Also, the latest Cool-o-Meter likes Gene Roddenberry (this was presumably put together not long after his death in October 1991) and Lumpy Addams, and dislikes the recession and belly-button lint.
While Bishop is formally introduced to the X-Men this issue, becoming their newest member, and John Romita Jr. returns (albeit briefly) to the series with his newer, blockier style, this issue is really notable for its introduction of the X-Traitor storyline, which will simmer in the background of both titles for years, occasionally bubbling to the surface, before coming to head as the kickoff to Marvel's linewide "Onslaught" crossover. In the meantime, it will come to dominate fans' discussions of the X-Men, promoting endless theorizing about the identity of the Witness, the traitor, and the circumstances behind the death of the X-Men, as well as inspire a plotline on the animated series and articles in Wizard magazine and the like.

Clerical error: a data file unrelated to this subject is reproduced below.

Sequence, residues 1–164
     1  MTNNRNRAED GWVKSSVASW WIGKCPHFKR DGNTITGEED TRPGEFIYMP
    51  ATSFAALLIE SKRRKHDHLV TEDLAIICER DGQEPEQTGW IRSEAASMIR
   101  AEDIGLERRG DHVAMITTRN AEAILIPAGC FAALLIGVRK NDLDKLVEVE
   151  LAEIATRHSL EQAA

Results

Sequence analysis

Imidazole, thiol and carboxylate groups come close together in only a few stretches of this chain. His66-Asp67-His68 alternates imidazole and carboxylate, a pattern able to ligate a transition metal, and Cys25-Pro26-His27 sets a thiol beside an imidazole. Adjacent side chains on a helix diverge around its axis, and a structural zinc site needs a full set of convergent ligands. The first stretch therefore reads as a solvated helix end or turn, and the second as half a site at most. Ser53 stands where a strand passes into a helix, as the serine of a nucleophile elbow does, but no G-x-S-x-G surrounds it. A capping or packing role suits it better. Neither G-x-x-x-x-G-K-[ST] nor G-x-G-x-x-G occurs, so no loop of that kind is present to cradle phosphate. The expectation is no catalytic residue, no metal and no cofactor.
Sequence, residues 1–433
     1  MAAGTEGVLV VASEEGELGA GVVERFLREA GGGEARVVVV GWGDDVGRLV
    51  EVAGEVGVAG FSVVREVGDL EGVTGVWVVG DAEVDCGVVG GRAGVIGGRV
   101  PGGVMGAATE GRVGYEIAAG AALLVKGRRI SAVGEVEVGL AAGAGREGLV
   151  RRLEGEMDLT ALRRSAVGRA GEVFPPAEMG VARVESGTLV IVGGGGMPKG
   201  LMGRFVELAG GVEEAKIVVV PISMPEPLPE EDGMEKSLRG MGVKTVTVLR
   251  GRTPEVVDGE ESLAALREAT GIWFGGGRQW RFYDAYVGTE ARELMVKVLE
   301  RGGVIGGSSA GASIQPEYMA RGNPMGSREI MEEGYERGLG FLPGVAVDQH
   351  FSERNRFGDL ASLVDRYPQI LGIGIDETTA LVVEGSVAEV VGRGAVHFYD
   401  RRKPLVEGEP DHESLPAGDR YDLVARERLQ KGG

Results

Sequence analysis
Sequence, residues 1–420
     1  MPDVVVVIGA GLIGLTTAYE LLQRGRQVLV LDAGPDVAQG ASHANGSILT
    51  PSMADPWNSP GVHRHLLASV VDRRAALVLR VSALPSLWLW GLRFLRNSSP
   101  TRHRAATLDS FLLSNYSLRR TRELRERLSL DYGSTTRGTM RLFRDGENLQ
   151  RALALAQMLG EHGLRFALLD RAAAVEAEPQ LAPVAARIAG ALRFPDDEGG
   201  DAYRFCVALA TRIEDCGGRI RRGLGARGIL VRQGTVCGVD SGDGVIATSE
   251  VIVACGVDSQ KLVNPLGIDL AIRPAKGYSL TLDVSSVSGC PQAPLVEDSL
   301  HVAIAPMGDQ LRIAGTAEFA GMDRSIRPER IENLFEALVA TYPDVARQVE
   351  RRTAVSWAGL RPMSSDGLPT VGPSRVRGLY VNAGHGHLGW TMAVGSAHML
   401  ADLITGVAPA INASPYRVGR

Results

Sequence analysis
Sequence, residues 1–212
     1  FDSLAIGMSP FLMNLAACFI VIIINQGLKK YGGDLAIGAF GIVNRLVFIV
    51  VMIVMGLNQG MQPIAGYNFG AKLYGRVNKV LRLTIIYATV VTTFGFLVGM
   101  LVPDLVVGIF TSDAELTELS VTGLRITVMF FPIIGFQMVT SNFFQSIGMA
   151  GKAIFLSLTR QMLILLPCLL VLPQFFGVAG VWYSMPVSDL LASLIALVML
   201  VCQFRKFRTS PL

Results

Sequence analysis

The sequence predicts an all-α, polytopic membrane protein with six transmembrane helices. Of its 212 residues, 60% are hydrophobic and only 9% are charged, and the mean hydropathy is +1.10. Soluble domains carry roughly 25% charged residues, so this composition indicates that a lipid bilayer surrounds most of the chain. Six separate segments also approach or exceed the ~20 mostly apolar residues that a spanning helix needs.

But for now, the storyline is simply intended to give Bishop a specific purpose and motivation within the X-Men, as the rest of this issue, rather efficiently (if a bit abruptly) prepares the character for his role on the team, eliminating his original motivation (capture or kill the criminals loosed by Fitzroy) and isolating him (killing off Malcolm and Randall) so the only place he has to go is with the X-Men. Then the flashforward and the introduction of the X-Traitor gives him something specific to do while with the X-Men, beyond staring in awe at legends come to life (and, as we'll shortly see, spark some immediate character drama between Bishop & Gambit). In all, it's a rather impressive bit of setup for one issue, especially one with a fill-in artist and a brand new scripter, and the high-water mark of the book's brief Portacio era.
Tomorrow, Liefeld leaves and Cannonball returns in X-Force #9. Friday, then more Cannonball in X-Factor #77 on Friday. Next week, the Omega Red story comes to a close in X-Men #7.